PHASE 5.1 no longer requires JAVA. Thus online users can use any operating system such as Chrome, though a mouse (or other pointing device) and keyboard are still required. The USB version still requires PCs with Windows® operating systems.
Some early users are reporting errors or "nothing" seems to be happening when starting the PHASE software after the initial installation.
The most likely cause is software connections required for the operation are not being made successfully at installation. Specifically the application needs to be able to write to its folder C:\ProgramData\ACerS-NIST\ (or another folder if you altered the folder location during the setup away from the defaults). It is possible that there could be other restricted permissions later in the startup that would also cause problems.
- Uninstall the PHASE software, then reinstall as an administrator
- Ask IT group to check permissions on your system
PHASE USB and PHASE ONLINE
- Web browser, Chrome or Firefox recommended
- Document viewer for PDF files (Acrobat® or Foxit® or PDF enabled web browser)
- Beginning with PHASE 5.0 (NIST SRD31) Java™ is no longer required. The analysis software uses a state-of-the-art browser-based graphics engine.
- PC running on Windows® 7 or 10 running in 64 bit mode (Phase USB does not install on 32 bit Windows, MACs, or other operating systems)
- 2 GB RAM, 4 GB hard disk available, dual core processor 1.87 GHz or better
- Ability to install programs as Administrator
USB memory stick (PHASE USB) and web-based subscription (PHASE ONLINE). Both have single-user and multi-user versions that use username/password verification. PHASE ONLINE has a Library version of that uses IP verification for access anywhere within an institutional or corporate network.
Answer four questions:
- How many simultaneous workstations? More than one means multi-user or library version.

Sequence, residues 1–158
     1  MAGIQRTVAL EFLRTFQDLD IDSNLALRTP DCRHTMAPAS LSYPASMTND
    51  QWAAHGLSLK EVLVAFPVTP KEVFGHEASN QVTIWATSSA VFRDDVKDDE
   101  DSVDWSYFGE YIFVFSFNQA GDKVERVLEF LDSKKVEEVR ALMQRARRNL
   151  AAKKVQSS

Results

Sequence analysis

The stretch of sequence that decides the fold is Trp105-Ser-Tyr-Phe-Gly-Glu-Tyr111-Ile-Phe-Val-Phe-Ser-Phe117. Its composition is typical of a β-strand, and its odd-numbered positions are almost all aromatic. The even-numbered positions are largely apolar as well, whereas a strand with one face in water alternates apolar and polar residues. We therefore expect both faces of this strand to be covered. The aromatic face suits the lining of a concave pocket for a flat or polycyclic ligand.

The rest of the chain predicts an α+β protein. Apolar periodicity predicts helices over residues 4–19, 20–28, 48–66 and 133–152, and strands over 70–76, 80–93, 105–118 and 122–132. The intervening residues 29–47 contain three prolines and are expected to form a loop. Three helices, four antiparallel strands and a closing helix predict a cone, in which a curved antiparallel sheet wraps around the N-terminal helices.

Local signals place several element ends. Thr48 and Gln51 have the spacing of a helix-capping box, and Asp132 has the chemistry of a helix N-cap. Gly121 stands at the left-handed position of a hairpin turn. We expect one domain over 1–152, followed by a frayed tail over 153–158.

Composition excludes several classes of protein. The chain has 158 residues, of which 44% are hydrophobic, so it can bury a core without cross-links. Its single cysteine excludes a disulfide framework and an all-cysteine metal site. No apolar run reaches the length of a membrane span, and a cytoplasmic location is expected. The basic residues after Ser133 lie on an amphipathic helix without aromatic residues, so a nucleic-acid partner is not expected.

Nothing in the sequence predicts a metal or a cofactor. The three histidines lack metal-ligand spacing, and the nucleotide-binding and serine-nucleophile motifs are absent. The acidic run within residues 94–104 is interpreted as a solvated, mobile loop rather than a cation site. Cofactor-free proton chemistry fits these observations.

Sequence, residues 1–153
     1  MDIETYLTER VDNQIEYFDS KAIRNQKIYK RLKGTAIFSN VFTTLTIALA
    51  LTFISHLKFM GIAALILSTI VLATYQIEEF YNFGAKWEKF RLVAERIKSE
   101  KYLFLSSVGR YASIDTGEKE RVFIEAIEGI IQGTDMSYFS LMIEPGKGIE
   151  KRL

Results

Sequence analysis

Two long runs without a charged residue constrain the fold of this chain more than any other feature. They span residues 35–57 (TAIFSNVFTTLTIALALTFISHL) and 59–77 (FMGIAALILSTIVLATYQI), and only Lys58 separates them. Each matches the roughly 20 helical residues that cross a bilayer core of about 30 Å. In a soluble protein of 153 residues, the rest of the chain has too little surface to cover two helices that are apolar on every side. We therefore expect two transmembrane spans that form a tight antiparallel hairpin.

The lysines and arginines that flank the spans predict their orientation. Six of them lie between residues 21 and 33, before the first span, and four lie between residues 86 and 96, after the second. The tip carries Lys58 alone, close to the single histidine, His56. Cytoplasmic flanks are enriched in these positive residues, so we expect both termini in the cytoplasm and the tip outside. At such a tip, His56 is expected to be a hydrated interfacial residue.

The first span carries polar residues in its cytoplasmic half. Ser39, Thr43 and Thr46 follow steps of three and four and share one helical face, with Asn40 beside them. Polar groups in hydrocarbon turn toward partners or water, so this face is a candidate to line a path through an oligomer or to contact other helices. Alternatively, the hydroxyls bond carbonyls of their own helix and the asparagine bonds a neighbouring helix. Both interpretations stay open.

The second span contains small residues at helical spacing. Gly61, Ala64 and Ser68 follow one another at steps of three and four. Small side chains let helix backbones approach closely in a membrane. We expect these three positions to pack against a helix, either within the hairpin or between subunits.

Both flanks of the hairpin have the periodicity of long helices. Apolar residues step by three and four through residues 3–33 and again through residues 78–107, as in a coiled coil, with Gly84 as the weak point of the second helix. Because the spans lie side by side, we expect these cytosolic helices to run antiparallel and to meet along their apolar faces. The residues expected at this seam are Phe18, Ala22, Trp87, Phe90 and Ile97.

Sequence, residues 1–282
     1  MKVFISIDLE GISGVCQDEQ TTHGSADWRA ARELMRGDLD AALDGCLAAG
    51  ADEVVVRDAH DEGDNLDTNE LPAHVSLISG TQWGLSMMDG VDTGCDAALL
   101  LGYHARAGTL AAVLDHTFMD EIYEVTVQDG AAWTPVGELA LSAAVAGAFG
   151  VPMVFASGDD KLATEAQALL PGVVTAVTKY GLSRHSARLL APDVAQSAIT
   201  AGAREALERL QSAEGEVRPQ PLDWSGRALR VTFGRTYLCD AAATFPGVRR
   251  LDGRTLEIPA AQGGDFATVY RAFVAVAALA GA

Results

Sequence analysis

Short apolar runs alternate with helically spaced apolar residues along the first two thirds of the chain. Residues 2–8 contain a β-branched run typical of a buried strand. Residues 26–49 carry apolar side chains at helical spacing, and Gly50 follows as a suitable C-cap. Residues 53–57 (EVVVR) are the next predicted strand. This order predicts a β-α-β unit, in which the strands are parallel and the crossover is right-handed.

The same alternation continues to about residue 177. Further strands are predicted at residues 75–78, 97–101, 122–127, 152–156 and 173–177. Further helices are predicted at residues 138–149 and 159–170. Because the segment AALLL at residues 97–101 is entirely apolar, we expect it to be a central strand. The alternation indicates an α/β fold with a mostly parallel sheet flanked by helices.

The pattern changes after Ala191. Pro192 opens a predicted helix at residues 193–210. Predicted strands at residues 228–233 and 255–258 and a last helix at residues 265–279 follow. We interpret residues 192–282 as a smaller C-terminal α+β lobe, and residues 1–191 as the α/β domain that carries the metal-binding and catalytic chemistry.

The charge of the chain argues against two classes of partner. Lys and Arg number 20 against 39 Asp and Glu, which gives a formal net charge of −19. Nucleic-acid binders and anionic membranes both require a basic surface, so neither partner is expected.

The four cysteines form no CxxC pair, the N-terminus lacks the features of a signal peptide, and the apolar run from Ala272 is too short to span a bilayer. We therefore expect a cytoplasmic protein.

- Will I use this on a MAC or other non-Windows PC workstation? Yes means PHASE ONLINE
- Do I have a good internet connection? No means PHASE USB (yes means either will work)
- Will my funding be ongoing or one-time only? One-time means PHASE USB (note that PHASE USB updates are not automatic and have additional costs per version)
For more information go to Compare and Purchase page
Yes. Go to the Free Phase Demo page to view demonstration videos and download the full software with limited trial database.
- Oxides and mixed systems with oxides
- Chalcogenides (sulfides, selenides, tellurides)
- Pnictides (N, P, As, Sb, Bi)
- Carbides, Carbonates, Silicides, and Silicates
- Actinides (U, Pu, Th)
- Rare earths (Ce, Gd, Eu)
- Oxy‐cation systems (molybdates, vanadates)
- Semiconductors (Si, Ge, Sn)
- Group 3 systems (B, Al, Ga, In, Tl)
- Salts including mixed systems with salts
Want to see if your ceramic or glass system is included? Download the Phase Demo. The database contains the list of all ceramic systems found in the current version of PHASE.
If your questions were not answered, email us.
Understanding phase equilibria in ceramic systems is central to the use and development of materials in refractories, glass, and other high-temperature technologies. Phase equilibria diagrams answer questions about flexibility and constraints of a ceramic or glass component in high-temperature or high-pressure environments. Phase boundaries also assist in the evaluation of the service stability of a ceramic material, both in the long and short time frames. For an introdctory text on the use and interpretation of phase diagrams, please download General Discussions of Phase Diagrams by F.P. Hall, H. Insley, E.M. Levin, H.F. McMurdie and C.R. Robbins.
Yes, but you must properly cite the source: